The Religion of the Etruscans

The Religion of the Etruscans

Nancy Thomson de Grummond
Erika Simon
Copyright Date: 2006
https://www.jstor.org/stable/10.7560/706873
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  • Book Info
    The Religion of the Etruscans
    Book Description:

    Devotion to religion was the distinguishing characteristic of the Etruscan people, the most powerful civilization of Italy in the Archaic period. From a very early date, Etruscan religion spread its influence into Roman society, especially with the practice of divination. The Etruscan priest Spurinna, to give a well-known example, warned Caesar to beware the Ides of March. Yet despite the importance of religion in Etruscan life, there are relatively few modern comprehensive studies of Etruscan religion, and none in English. This volume seeks to fill that deficiency by bringing together essays by leading scholars that collectively provide a state-of-the-art overview of religion in ancient Etruria.

    The eight essays in this book cover all of the most important topics in Etruscan religion, including the Etruscan pantheon and the roles of the gods, the roles of priests and divinatory practices, votive rituals, liturgical literature, sacred spaces and temples, and burial and the afterlife. In addition to the essays, the book contains valuable supporting materials, including the first English translation of an Etruscan Brontoscopic Calendar (which guided priests in making divinations), Greek and Latin sources about Etruscan religion (in the original language and English translation), and a glossary. Nearly 150 black and white photographs and drawings illustrate surviving Etruscan artifacts and inscriptions, as well as temple floor plans and reconstructions.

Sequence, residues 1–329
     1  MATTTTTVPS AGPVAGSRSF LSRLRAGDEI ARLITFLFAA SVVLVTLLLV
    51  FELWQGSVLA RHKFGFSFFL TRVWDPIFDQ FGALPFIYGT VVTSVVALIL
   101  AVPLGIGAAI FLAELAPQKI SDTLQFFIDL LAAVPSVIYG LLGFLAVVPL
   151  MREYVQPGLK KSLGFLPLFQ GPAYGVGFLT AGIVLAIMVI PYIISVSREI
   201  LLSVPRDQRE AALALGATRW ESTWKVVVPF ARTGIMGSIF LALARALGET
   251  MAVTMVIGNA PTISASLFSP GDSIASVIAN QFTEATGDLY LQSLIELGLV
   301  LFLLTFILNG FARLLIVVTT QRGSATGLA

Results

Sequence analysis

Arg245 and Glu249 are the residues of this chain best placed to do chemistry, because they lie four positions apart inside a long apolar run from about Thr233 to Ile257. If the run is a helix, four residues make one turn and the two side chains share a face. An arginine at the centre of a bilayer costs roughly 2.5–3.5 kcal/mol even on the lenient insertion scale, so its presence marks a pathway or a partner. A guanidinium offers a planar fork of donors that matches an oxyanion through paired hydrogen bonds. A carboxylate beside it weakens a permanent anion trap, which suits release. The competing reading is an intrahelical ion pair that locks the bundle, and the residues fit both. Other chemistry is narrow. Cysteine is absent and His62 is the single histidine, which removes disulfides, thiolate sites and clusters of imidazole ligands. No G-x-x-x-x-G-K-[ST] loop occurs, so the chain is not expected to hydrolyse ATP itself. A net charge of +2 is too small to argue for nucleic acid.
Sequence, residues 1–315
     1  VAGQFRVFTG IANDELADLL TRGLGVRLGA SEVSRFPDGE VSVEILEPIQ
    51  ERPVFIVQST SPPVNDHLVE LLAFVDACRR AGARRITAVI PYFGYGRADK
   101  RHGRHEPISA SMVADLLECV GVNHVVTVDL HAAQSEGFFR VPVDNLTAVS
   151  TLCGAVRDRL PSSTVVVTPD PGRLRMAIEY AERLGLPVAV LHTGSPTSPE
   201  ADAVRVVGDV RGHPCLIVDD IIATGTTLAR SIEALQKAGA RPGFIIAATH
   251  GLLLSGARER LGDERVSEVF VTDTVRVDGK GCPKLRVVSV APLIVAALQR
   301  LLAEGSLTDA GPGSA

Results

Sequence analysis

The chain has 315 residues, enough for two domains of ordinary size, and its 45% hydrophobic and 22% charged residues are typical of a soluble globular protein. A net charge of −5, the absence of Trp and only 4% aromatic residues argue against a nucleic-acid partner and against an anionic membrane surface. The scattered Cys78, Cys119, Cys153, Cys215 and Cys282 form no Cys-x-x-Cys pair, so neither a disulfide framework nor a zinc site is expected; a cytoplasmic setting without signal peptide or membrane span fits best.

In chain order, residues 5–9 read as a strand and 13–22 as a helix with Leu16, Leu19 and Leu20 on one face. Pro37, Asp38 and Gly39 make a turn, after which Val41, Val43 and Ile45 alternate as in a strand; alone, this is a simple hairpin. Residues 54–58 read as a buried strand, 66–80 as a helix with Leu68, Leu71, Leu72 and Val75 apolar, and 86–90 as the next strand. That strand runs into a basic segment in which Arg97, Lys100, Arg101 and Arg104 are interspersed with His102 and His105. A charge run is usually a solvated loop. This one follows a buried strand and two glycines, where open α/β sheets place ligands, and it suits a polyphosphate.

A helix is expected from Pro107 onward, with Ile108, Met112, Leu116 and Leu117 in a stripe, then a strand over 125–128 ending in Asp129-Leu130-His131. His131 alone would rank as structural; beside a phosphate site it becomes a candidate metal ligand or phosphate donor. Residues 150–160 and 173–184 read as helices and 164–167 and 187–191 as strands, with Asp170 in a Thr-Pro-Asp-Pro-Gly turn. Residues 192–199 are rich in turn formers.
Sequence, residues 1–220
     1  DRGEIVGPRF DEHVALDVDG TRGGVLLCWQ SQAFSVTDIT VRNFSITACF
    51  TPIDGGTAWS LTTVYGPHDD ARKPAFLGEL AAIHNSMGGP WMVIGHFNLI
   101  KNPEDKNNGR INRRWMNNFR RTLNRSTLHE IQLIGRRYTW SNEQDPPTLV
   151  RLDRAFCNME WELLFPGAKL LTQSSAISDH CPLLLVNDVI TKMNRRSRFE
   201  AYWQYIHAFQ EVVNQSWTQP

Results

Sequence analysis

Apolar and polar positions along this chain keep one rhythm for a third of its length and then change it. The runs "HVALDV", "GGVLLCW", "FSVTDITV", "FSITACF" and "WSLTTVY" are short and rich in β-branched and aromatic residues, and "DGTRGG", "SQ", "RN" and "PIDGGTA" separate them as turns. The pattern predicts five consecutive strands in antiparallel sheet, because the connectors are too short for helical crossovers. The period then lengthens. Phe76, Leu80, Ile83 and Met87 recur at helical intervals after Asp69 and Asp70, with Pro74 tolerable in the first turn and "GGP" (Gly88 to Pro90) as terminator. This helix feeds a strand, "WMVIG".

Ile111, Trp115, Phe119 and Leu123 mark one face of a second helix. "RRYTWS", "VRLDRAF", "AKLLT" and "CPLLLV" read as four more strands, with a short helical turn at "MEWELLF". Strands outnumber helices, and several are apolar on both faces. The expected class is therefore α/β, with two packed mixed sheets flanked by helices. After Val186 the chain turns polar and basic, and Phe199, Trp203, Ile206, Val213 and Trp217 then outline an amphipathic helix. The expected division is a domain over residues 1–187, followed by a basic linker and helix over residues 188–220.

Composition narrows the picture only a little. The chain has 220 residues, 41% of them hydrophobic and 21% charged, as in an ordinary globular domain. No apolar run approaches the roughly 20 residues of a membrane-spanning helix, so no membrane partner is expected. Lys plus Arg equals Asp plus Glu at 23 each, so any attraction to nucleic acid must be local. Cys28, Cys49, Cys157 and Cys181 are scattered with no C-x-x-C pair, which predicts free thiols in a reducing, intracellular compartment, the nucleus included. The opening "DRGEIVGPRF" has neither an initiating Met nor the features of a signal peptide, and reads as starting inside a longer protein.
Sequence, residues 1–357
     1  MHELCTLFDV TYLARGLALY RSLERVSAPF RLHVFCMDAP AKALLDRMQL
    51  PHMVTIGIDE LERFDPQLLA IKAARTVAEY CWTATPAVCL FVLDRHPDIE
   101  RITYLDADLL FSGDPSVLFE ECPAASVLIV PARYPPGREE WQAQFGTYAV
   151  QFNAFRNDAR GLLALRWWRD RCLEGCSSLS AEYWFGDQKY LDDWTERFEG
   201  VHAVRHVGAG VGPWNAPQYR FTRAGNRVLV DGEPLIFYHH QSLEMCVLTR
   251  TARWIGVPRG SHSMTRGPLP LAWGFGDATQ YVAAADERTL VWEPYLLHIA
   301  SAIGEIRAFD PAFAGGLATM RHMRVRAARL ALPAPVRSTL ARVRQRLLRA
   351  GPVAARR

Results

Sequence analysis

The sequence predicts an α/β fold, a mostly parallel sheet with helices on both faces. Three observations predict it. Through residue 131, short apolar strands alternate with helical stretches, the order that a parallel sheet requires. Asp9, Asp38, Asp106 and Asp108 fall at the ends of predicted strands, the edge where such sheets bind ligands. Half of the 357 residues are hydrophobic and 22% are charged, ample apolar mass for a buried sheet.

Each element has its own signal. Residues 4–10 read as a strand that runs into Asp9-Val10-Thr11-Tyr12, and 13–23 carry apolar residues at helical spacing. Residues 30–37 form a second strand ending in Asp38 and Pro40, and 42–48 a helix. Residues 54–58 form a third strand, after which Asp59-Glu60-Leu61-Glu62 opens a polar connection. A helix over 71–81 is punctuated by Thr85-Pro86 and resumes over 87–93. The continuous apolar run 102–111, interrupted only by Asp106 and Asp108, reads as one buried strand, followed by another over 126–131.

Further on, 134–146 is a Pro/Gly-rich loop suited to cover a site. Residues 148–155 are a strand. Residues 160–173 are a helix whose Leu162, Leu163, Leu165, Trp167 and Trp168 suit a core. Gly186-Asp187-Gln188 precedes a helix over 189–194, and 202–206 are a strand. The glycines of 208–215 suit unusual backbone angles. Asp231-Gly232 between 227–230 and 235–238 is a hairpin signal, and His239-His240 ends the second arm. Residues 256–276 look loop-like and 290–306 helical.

eISBN: 978-0-292-79628-7
    Subjects: Religion, History

Table of Contents

  1. Front Matter
    (pp. i-iv)
  2. Table of Contents
    (pp. v-vi)
  3. EDITORS’ NOTE
    (pp. vii-vii)
  4. LIST OF ABBREVIATIONS
    (pp. viii-viii)
  5. CONTRIBUTORS TO THIS VOLUME
    (pp. ix-x)
  6. PREFACE
    (pp. xi-xiv)
    W. Jeffrey Tatum
  7. CHAPTER I INTRODUCTION: THE HISTORY OF THE STUDY OF ETRUSCAN RELIGION
    (pp. 1-8)
    Nancy Thomson de Grummond

    “Religion is in fact the best known facet of the Etruscan civilization.”¹ In making this statement, Massimo Pallottino noted that very many of the archaeological remains of the Etruscans and the literary sources about the Etruscans in Latin and Greek have a connection, in one way or another, with religion. The well-known statement of Livy describing the Etruscans as being the nation most devoted to religion, excelling others in their knowledge of religious practices (5.1.6; see Appendix B, Source no. I.1), provides evidence that the ancients also recognized the pervasiveness of religion in Etruscan civilization.

    It is a little odd,...

  8. CHAPTER II ETRUSCAN INSCRIPTIONS AND ETRUSCAN RELIGION
    (pp. 9-26)
    Larissa Bonfante

    We have no Etruscan literature, no epic poems, no religious or philosophical texts. We learn about Etruscan life and civilization—including language and religion, the two basic aspects of a people’s identity—from the remains of their cities and cemeteries. These include highly important evidence from their inscriptions, written in their own peculiar language, that reveal much about their religious rituals and beliefs.

    These inscriptions are so central to the study of Etruscan religion that they will naturally be referred to frequently throughout the book. In this chapter we present an overview of this source material, including a list of...

  9. CHAPTER III PROPHETS AND PRIESTS
    (pp. 27-44)
    Nancy Thomson de Grummond

    For an Etruscan, the starting point of religion lay in the revelations of the prophets. After that, the continuing practice of religion was guided by inquiry into the will of the gods, properly revealed and interpreted by individuals with skills in divination. Here we shall make a distinction between these two different categories of communication of the will of the gods, using the words “prophet” and “prophecy” to refer to the traditions in which a particular individual made revelations that then became basic sacred scripture for the Etruscans. We will reserve the term “divination” for the multitude of examples in...